Human macrophages infected by HIV, stained for immunofluorescence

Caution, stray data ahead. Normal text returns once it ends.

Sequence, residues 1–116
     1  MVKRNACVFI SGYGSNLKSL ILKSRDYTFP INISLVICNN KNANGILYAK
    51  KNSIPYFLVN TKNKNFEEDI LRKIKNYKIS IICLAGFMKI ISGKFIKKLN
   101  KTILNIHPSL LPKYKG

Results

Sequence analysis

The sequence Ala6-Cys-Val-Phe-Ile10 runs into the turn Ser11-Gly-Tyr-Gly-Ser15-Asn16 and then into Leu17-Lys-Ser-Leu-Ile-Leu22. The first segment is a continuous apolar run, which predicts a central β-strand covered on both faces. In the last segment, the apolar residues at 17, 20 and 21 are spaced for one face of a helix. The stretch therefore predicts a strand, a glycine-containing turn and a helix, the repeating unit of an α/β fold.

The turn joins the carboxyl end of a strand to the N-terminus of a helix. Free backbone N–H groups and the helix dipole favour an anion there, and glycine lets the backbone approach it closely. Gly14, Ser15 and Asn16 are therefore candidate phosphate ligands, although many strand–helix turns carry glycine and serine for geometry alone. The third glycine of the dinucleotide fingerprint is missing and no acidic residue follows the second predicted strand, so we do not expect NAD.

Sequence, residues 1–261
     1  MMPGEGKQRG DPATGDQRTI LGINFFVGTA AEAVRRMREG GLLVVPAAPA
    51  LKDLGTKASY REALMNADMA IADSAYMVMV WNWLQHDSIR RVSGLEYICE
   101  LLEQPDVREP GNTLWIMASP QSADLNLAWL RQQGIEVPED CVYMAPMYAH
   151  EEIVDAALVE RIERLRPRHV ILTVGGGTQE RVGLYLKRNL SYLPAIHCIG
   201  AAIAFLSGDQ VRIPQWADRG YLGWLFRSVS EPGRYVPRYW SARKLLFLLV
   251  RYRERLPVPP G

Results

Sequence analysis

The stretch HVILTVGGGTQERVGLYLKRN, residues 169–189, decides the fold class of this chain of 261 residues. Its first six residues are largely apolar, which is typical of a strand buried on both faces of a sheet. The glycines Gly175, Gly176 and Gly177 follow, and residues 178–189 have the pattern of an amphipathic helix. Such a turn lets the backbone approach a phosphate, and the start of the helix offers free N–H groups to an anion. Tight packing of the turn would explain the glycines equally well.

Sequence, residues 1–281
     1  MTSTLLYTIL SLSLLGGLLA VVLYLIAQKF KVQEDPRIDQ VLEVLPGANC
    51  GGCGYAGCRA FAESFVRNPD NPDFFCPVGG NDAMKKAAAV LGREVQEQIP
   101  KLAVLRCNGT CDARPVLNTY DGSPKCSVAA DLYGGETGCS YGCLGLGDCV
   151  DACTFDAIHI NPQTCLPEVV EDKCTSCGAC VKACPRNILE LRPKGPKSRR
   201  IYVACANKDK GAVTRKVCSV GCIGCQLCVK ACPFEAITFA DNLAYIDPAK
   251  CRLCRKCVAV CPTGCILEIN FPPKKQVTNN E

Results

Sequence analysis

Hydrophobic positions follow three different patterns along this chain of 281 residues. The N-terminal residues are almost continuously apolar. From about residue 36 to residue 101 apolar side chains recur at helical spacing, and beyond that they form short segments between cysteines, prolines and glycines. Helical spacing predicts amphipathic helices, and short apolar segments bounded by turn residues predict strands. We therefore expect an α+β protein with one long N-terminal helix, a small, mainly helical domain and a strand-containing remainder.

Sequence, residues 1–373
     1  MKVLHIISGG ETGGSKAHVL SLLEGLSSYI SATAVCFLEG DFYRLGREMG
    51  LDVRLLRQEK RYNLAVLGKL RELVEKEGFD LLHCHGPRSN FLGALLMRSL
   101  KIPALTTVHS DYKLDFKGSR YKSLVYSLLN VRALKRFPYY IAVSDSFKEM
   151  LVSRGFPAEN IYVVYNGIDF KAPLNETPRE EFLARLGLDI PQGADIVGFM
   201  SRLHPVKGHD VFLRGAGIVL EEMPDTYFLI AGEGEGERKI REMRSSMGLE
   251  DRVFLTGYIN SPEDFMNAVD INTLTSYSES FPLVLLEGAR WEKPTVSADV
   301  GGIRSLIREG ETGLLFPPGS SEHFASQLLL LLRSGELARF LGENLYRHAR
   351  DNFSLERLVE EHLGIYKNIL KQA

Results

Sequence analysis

Human macrophages infected by HIV, stained for immunofluorescence and observed by a fluorescence microscope. The HIV is shown in red, all the macrophages in green and their nuclei in blue. Human macrophages, immune cells, were extracted from the blood of healthy donors. They were then cultured and infected by the HIV. The infected cells were stained with visible fluorescent antibodies which specifically recognize HIV. A second culture of human macrophages infected by HIV was also placed in contact with Mycobacterium tuberculosis, the agent responsible for tuberculosis. These immunofluorescence experiments were designed to monitor the development of the HIV infection and improve our understanding of the mechanisms behind the aggravation of this infection induced by tuberculosis.

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